ABU DHABI (AFP, NYTIMES) - A little-known Saudi prince from a remote branch of the royal family, with no history as a major art collector and no publicly known source of great wealth, is the mystery buyer of Leonardo Da Vinci’s painting Salvator Mundi, which fetched a record US$450.3 million (S$606.96 million) at auction last month, documents show.
The revelation that Prince Bader bin Abdullah bin Mohammed bin Farhan al-Saud is the purchaser, according to documents reviewed by The New York Times, links one of the most captivating mysteries of the art world with palace intrigues in Saudi Arabia that are shaking the region.
Prince Bader splurged on this controversial and decidedly un-Islamic portrait of Christ at a time when most of the Saudi Arabian elite, including members of the royal family, were cowering under a sweeping crackdown against corruption and self-enrichment. As it happens, Prince Bader is a friend and associate of the leader of the purge: the country’s 32-year-old Crown Prince Mohammed bin Salman.
The US$450.3 million purchase is the clearest indication yet of the selective nature of the crackdown. The Crown Prince’s supporters portray him as a reformer, but the campaign of extrajudicial arrests has been unprecedented for modern Saudi Arabia, worrying Western governments about political stability in the world’s largest oil producer, alarming rights advocates and investors, and roiling energy markets.
Prince Bader did not respond to a request for comment. But the newly opened branch of the Louvre in Abu Dhabi, in the United Arab Emirates, tweeted that the painting “is coming to Louvre Abu Dhabi". The Saudi Crown Prince is a close ally of his counterpart in Abu Dhabi.
The Louvre Abu Dhabi, the first museum to bear the Louvre name outside France, has been billed as "the first universal museum in the Arab world", in a sign of the oil-rich emirate's global ambitions.
The painting was sold last month in New York for US$450.3 million, with auction house Christie's steadfastly declining to identify the buyer.
"Congratulations", Christie's said in a tweeted reply to the Louvre Abu Dhabi.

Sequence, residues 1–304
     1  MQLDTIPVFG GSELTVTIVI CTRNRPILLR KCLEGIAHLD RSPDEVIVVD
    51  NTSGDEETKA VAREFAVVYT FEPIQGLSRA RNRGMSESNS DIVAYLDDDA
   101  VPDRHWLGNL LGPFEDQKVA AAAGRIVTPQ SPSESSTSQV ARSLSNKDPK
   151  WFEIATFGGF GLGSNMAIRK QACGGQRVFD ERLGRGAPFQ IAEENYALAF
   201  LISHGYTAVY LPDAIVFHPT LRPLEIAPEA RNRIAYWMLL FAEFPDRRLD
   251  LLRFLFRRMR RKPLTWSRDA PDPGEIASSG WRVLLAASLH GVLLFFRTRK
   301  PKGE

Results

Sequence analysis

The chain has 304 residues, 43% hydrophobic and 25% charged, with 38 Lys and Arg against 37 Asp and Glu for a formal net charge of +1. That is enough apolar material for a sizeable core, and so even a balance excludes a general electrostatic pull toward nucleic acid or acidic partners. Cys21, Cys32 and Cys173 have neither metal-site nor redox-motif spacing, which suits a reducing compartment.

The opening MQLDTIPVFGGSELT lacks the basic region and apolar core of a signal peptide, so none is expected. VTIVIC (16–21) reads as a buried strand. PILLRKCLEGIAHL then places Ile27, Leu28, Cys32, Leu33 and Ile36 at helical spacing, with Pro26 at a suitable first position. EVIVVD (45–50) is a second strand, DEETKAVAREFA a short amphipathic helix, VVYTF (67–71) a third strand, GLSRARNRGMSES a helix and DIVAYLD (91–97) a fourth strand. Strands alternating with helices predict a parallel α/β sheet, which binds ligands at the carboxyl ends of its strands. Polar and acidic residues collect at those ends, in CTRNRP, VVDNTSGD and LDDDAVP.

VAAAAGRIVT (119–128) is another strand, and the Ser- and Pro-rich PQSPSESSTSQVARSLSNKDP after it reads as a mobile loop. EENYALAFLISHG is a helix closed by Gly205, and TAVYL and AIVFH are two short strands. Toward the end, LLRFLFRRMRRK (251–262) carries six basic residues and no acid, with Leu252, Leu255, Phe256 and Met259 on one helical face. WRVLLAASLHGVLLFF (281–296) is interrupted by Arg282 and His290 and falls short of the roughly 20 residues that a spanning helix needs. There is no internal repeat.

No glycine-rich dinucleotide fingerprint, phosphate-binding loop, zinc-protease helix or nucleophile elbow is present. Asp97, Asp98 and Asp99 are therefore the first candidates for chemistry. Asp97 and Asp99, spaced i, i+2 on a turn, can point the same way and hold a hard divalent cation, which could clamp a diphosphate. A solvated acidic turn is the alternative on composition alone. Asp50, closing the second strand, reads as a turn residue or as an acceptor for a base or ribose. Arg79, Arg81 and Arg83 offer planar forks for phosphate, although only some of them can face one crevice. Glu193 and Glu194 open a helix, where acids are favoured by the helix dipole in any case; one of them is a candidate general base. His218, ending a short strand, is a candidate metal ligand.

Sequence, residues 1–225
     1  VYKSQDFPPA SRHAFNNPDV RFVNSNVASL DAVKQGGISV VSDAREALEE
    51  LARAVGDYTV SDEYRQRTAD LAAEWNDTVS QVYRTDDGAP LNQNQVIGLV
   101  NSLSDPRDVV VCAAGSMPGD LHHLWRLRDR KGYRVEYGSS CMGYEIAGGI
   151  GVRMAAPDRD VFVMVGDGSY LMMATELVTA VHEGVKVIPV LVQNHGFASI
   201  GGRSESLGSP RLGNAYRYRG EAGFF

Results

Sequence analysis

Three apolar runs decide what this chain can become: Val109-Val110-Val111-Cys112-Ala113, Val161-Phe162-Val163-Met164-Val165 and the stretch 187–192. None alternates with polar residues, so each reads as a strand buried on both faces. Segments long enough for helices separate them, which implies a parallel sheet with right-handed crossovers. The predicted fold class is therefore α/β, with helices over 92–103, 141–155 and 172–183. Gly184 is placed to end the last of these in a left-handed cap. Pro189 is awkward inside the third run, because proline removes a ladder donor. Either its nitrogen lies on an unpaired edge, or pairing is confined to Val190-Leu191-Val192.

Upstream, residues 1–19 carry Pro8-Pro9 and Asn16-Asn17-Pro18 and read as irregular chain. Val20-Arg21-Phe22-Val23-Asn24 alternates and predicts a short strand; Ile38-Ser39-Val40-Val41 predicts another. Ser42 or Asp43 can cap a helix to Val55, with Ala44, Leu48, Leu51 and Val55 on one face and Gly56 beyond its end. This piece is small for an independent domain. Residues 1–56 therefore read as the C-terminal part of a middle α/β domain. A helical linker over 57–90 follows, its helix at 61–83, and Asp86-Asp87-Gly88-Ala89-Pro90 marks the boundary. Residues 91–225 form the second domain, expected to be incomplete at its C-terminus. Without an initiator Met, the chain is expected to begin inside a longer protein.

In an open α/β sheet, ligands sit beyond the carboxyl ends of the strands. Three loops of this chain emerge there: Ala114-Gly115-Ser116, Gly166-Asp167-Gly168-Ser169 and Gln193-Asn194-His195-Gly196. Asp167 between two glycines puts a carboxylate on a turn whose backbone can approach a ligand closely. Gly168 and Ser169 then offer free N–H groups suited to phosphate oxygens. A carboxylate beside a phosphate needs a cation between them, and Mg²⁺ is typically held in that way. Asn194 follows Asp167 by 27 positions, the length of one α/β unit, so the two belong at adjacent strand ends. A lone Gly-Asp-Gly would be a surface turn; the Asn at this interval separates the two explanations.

Salvator Mundi represented a major prestige purchase in the art world, if a controversial one. Some experts questioned whether the painting was a true Leonardo. Some were simply unimpressed.
The painting’s previous owner, Mr Dmitry E. Rybolovlev, is a Russian billionaire who bought a US$95 million Florida home from Donald Trump nearly a decade ago. Mr Rybolovlev had paid US$127.5 million for the painting in 2013, and he is still locked in litigation with the dealer who sold it to him over that lofty price, among other transactions.
The French weekly Le Journal du Dimanche said that the work will be lent or resold to museums, largely in the Middle East and Asia.
The sale more than doubled the previous record of US$179.4 million paid for Pablo Picasso's The Women of Algiers (Version O) in 2015, also in New York.
The Louvre Abu Dhabi opened on Nov 8 in the presence of French President Emmanuel Macron, who described the new museum as a "bridge between civilisations".
It is the first of three museums slated to open on the emirate's Saadiyat Island, with plans also in place for an edition of New York's Guggenheim.
The island will also feature the Zayed National Museum, which had signed a loan deal with the British Museum - although the arrangement has come increasingly into question due to construction delays.
Featuring a vast silver-toned dome, the Louvre Abu Dhabi was designed by French architect Jean Nouvel, drawing inspiration from Arab design and evoking both an open desert and the sea.
The museum opened with some 600 pieces, including items from early Mesopotamia. Under a 30-year agreement, France provides expertise, lends works of art and organises exhibitions in return for one billion euros (S$1.59 billion).
The first works on loan from the Louvre in Paris include another painting by Da Vinci - La Belle Ferronniere, one of his portraits of women.
Salvator Mundi, which means "Saviour of the World", went on public display in 2011 in a dramatic unveiling at The National Gallery in London, where the work was declared to be the first newly discovered Da Vinci painting in a century.
It is one of fewer than 20 paintings generally accepted as being from the Renaissance master's own hand, according to Christie's.
It had sold for a mere 45 British pounds in 1958, when the painting was thought to have been a copy, and was lost until it resurfaced at a regional auction in 2005.